Interest is important but not everything
Typically, when comparing loan offers, you will be focusing heavily on the interest rates offered. Afterall, this is a primary determinant of the overall cost of the loan. Yet, it is not the solely differentiator between loan offers.
Other important considerations should include the fine print of the offer, namely the terms and conditions. For example, you should check if an early repayment penalty clause is weaved into the agreement.
As the name suggests, an early repayment penalty clause necessitates that you pay an extra sum should you repay the full loan sum before an indicated date. This clause is used to ensure a minimum level of interest that the lender can earn from the loan. However, in turn, it also thus ensures that you have a minimum level of cost involved in taking the loan.
Other factors that you shoulder consider include that of:
- Required repayment cycles
- Minimum repayment sums
- Term of the loan
- Reputation of the lender
Question 3: Is the loan a secured or unsecured loan?
The next question that you should ask is whether the loan offer is secured or unsecured. What is the difference between the two?
Understanding secured loans
Secured loans require that some form of collateral or security be attached to the loan agreement. Commonly coming in the form of a house or car, it gives the lender the right to size the property should you fail to repay the loan.
In this way, a collateral can be seen as a last resort for lenders to recoup losses when a debt goes bad. Simultaneously, it lowers their level risk and thus encourages them to offer you lower interest rates on the loan.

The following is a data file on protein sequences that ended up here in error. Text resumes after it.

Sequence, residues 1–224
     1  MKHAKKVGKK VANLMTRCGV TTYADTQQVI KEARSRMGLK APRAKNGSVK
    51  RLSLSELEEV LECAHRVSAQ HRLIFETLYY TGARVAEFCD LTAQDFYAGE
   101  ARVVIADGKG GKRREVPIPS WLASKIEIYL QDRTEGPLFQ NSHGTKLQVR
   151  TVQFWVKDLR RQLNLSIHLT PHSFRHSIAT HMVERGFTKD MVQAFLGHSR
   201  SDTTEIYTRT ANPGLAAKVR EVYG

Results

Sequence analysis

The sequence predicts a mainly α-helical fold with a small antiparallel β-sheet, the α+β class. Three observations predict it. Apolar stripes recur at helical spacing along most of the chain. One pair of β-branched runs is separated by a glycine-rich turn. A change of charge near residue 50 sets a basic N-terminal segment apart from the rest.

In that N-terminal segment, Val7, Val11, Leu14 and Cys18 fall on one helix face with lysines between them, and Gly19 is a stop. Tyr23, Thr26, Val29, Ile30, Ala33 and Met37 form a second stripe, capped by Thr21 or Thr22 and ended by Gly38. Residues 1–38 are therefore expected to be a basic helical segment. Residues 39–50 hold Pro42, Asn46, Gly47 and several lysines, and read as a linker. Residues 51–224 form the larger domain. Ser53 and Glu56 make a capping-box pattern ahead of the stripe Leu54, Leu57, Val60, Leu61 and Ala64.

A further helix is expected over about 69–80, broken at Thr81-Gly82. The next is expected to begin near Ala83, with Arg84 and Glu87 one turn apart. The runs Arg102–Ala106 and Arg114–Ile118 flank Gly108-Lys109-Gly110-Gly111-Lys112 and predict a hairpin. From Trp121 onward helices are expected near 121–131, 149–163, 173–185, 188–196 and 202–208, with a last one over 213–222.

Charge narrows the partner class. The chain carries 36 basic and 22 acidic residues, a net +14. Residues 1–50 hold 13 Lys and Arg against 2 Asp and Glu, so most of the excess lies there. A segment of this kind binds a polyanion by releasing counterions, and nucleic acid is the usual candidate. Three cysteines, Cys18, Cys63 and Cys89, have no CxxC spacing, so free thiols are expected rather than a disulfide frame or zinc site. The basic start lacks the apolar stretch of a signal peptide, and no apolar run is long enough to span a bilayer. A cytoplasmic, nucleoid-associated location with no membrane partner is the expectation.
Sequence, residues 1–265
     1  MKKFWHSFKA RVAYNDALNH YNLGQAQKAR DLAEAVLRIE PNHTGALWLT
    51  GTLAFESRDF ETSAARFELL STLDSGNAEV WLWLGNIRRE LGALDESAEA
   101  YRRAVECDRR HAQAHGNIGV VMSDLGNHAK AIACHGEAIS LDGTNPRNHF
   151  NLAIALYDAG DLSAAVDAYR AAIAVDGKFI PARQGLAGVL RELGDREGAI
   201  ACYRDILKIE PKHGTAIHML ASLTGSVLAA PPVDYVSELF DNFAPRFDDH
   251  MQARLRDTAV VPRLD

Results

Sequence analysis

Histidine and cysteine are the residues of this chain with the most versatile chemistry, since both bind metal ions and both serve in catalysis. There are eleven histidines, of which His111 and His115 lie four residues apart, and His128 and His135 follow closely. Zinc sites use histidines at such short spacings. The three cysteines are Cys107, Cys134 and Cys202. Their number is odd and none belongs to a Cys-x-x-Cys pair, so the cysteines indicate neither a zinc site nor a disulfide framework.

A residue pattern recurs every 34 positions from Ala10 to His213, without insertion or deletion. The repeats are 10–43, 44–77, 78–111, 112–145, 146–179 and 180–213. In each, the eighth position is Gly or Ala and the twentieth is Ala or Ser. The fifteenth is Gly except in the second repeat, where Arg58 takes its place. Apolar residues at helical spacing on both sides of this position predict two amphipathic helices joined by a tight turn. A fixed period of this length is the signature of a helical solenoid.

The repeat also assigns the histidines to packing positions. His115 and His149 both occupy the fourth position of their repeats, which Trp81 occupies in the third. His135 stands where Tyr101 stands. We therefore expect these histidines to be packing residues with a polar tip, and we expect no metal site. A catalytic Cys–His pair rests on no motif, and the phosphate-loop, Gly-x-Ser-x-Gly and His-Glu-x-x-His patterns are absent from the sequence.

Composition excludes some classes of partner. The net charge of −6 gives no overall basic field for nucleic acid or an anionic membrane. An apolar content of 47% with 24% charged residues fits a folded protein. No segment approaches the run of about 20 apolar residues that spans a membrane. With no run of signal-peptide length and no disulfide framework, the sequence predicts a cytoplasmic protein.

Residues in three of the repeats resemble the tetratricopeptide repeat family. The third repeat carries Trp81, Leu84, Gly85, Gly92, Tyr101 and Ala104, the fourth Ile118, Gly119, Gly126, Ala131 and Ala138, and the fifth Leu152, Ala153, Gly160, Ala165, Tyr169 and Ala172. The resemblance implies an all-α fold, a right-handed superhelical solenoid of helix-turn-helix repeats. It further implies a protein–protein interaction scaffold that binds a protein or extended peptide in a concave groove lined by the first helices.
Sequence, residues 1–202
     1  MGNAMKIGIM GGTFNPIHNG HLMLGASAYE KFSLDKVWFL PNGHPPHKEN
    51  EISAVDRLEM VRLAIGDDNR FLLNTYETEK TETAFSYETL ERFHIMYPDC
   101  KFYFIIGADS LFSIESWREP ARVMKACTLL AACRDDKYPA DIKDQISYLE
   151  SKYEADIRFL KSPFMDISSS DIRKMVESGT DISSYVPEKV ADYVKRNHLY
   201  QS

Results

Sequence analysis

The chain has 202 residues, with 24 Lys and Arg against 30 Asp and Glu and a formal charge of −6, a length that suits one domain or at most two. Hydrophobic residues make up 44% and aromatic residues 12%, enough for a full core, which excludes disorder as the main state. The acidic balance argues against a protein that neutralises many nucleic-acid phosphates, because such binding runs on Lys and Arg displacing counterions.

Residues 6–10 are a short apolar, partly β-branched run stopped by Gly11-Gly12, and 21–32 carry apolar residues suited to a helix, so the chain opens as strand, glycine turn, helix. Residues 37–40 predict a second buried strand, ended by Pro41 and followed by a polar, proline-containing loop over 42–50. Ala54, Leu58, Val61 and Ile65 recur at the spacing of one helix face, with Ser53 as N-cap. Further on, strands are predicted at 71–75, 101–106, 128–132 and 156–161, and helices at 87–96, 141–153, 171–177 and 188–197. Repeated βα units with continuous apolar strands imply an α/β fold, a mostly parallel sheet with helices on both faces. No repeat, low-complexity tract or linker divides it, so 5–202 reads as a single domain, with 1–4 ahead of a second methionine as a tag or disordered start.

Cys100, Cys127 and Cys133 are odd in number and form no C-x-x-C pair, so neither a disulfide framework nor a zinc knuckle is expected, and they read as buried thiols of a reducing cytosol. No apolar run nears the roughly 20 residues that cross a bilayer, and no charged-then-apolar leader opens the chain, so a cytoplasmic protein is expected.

A common alternative for collateral comes in the form of a guarantor. A guarantor is an individual or entity who will take up the burden of your debt should you fail to repay it. Similar to collateral, it offers an avenue for lenders to recoup losses should you forfeit on the debt.
Understanding unsecured loans
Conversely, an unsecured loan agreement does not require any collateral or guarantor. Since there is substantially more risk taken by the lender in this arrangement, more interest is typically charged. Simply put, the higher the risk incurred by the lender, the higher the reward they expect for accepting the risk.
If low interest rates are your primary consideration, then you will likely need to offer collateral in exchange.
Enquire For a Loan From JD Credit
Here at JD Credit Pte Ltd, we strive to achieve each and every one of our customers’ needs and wants. We are an organisation that provides loans with the best rates to any individual that is approved by the IPTO (Registry of Moneylenders). Our team of well trained and experienced staffs are obliged and dedicated to help our customers with their financial matters. Our vision is to achieve excellence when serving customers provide the best information and finest service for our customers and lead in the money lending industry.